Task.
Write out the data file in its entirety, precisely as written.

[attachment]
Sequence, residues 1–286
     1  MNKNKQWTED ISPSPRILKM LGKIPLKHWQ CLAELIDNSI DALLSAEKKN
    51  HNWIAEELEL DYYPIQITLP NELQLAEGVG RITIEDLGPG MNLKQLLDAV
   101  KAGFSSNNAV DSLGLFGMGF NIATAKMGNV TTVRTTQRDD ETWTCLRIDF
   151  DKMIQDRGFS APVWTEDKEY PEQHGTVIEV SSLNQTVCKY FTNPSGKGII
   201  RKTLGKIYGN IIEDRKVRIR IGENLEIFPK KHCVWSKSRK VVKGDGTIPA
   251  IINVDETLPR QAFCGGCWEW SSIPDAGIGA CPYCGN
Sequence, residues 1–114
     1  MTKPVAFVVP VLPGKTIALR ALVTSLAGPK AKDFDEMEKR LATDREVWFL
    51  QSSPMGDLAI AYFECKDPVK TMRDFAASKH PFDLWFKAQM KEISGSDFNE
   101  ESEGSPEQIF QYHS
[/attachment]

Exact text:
Sequence, residues 1–286
     1  MNKNKQWTED ISPSPRILKM LGKIPLKHWQ CLAELIDNSI DALLSAEKKN
    51  HNWIAEELEL DYYPIQITLP NELQLAEGVG RITIEDLGPG MNLKQLLDAV
   101  KAGFSSNNAV DSLGLFGMGF NIATAKMGNV TTVRTTQRDD ETWTCLRIDF
   151  DKMIQDRGFS APVWTEDKEY PEQHGTVIEV SSLNQTVCKY FTNPSGKGII
   201  RKTLGKIYGN IIEDRKVRIR IGENLEIFPK KHCVWSKSRK VVKGDGTIPA
   251  IINVDETLPR QAFCGGCWEW SSIPDAGIGA CPYCGN
Sequence, residues 1–114
     1  MTKPVAFVVP VLPGKTIALR ALVTSLAGPK AKDFDEMEKR LATDREVWFL
    51  QSSPMGDLAI AYFECKDPVK TMRDFAASKH PFDLWFKAQM KEISGSDFNE
   101  ESEGSPEQIF QYHS